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‘The Last Broadcast’ #1: A Brilliant First Issue that Casts a Considerable Spell

‘The Last Broadcast’ #1: A Brilliant First Issue that Casts a Considerable Spell

The Last Broadcast #1The Last Broadcast #1 review
Written by Andre Sirangelo
Illustrated by Gabriel Iumazark
Letters by Deron Bennett
Publisher: Boom! Studios, Archia
2014 

For a series about magic, The Last Broadcast doesn’t have any cheap tricks up its sleeve. It’s more about artfulness, from the handsome detailed panels to the intriguing and vibrant plot. The Last Broadcast tells a great story with skill, precision and mystery, and should be essential reading for any comic book fan.

The Last Broadcast continues Archaia’s return to single issue releases, this time with Andre Sirangelo making his debut with the company. Splitting the narrative between three time periods, Broadcast is set in the worlds of urban exploration and stage magic. It begins with Ivan, an aspiring stage magician with few prospects, who wakes up in hospital after an explosion that kills his friends. We are then treated to a flashback with Ivan and co. exploring a secret bunker that once belonged to an escape artist and mentalist from the 1930s named Blackhall The Incredible – a man who we learn died while performing a deadly trick (Russian Roulette gone wrong). The plot follows several characters in different spaces and times, a structure which provides a great vehicle to slowly reveal plot information, without giving too much away too soon. The Last Broadcast #1 is a prime example of how to successfully launch a new series, with a story steeped in a mystery centred around life, death, and everything in between. If you’re looking for good writing, and fully realized characters full of sly, devious and complicated motives; look no further.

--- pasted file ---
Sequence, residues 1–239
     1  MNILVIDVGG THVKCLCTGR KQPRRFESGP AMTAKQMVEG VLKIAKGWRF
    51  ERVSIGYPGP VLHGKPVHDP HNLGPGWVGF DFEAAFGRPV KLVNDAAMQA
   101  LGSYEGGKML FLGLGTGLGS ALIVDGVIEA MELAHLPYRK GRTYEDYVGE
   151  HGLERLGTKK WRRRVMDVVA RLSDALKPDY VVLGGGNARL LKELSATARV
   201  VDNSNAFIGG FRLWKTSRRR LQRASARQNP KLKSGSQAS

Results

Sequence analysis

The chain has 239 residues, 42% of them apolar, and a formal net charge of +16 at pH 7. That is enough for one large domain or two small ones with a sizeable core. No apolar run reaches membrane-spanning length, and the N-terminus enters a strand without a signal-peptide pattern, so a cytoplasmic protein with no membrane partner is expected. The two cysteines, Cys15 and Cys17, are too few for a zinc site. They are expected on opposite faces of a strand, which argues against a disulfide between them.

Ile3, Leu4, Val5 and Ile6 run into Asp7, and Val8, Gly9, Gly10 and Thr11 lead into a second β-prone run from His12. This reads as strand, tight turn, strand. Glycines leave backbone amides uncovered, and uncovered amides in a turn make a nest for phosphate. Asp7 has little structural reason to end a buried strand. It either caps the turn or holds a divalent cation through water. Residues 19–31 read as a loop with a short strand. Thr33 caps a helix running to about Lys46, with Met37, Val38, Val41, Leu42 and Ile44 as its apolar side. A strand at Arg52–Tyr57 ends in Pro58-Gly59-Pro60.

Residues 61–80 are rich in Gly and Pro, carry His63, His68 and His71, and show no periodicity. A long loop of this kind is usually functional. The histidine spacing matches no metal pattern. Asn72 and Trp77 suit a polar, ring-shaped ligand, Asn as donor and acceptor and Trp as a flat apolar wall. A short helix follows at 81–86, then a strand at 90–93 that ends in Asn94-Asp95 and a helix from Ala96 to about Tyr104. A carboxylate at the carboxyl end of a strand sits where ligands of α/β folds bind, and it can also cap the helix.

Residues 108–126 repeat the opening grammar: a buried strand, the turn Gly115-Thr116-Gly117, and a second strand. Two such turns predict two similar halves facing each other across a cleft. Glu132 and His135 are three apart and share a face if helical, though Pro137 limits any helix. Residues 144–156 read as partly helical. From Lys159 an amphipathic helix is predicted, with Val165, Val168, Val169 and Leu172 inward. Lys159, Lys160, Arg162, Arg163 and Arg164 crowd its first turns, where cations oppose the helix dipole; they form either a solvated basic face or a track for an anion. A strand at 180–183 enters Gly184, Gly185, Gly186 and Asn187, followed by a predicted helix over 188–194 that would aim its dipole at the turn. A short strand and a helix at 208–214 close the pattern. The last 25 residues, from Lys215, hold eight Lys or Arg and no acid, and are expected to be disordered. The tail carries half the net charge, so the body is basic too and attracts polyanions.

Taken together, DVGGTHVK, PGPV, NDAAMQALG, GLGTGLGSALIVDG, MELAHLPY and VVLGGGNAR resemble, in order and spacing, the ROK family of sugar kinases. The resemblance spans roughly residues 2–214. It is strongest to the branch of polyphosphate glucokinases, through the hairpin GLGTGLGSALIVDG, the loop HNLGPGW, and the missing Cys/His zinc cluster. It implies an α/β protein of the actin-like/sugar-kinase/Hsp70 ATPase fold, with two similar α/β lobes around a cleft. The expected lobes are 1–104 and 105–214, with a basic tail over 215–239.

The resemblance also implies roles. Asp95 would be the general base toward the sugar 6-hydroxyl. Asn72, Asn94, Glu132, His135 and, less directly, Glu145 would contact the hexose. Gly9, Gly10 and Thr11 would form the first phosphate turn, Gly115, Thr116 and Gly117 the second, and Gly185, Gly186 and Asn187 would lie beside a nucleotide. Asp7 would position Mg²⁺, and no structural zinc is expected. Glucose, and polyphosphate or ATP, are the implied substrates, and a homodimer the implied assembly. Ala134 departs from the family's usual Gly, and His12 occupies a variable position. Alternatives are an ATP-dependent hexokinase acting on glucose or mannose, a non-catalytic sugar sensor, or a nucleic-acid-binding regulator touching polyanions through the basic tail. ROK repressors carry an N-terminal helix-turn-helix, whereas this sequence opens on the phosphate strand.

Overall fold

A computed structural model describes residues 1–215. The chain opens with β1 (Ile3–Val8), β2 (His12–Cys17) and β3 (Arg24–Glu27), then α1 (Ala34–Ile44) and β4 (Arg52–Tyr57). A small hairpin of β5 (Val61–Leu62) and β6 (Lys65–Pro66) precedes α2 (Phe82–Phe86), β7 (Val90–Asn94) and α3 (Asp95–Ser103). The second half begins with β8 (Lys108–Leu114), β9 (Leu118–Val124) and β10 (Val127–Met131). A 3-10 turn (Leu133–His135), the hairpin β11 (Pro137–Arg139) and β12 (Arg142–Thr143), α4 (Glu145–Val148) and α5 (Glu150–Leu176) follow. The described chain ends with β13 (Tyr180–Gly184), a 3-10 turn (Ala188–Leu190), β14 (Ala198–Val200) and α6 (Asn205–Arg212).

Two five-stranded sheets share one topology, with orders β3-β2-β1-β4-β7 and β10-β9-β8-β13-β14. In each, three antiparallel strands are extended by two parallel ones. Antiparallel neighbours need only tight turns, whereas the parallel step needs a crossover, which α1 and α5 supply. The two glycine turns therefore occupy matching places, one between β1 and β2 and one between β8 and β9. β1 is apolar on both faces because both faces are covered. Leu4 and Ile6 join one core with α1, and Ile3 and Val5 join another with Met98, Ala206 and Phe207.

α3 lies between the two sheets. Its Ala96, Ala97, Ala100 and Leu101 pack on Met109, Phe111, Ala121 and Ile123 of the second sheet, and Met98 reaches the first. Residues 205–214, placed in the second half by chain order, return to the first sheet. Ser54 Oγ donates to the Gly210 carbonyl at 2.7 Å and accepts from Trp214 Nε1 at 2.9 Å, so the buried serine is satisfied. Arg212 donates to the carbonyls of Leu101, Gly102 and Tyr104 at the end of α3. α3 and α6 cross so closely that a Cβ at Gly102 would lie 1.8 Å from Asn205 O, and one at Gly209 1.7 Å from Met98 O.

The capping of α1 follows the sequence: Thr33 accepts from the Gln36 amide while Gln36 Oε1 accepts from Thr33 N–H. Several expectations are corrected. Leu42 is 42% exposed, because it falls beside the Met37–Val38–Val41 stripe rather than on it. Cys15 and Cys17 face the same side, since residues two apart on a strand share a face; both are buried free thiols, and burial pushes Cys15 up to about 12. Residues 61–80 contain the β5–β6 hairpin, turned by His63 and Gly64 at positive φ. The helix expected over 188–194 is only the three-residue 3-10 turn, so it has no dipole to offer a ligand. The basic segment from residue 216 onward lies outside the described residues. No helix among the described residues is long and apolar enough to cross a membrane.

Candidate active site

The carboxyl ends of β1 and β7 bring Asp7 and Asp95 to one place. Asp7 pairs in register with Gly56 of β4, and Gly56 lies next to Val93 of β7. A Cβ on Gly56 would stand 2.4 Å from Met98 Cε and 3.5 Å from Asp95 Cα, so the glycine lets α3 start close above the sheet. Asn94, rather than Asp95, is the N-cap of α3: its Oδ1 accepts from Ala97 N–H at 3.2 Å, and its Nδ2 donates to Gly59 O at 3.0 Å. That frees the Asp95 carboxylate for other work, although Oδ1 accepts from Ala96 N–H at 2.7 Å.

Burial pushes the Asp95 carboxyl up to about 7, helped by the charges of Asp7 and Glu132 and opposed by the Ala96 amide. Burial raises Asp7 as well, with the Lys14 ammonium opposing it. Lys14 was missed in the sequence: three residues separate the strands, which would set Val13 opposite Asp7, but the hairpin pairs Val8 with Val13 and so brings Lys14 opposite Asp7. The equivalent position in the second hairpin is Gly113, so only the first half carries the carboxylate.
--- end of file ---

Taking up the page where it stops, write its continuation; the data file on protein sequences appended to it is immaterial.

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Last-Broadcast-001-PRESS-6-4769eThe Last Broadcast is wonderfully engrossing, darkly mysterious and entertaining from start to finish. Even more, it features some truly awe-inspiring art. Gabriel Iumazark’s work here as been described as a fusion between Brazilian and Japanese styles. The dark tones, muted colours, washed out look, and sketchy characters, evoke a very grim aesthetic that enhances the brooding atmosphere. Many readers have set a high bar when it comes to Archaia, and The Last Broadcast will not disappoint as it continues their longstanding tradition of publishing some of the most beautiful and well written comics in the industry. It brings the originality and artistry you come to expect from Archaia’s graphic novel catalog, even if applied to single issues.

A great start to a series, The Last Broadcast is a classy little maze of distractions, obsessions and showmanship, that keeps the readers mesmerized.

– Ricky D

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